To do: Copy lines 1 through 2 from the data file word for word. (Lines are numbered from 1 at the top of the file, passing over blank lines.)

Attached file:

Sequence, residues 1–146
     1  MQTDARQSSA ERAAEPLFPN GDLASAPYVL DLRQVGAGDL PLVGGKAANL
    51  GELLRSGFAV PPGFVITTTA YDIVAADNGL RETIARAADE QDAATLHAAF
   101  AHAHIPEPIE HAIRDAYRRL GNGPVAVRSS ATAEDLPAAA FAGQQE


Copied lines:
Sequence, residues 1–146
     1  MQTDARQSSA ERAAEPLFPN GDLASAPYVL DLRQVGAGDL PLVGGKAANL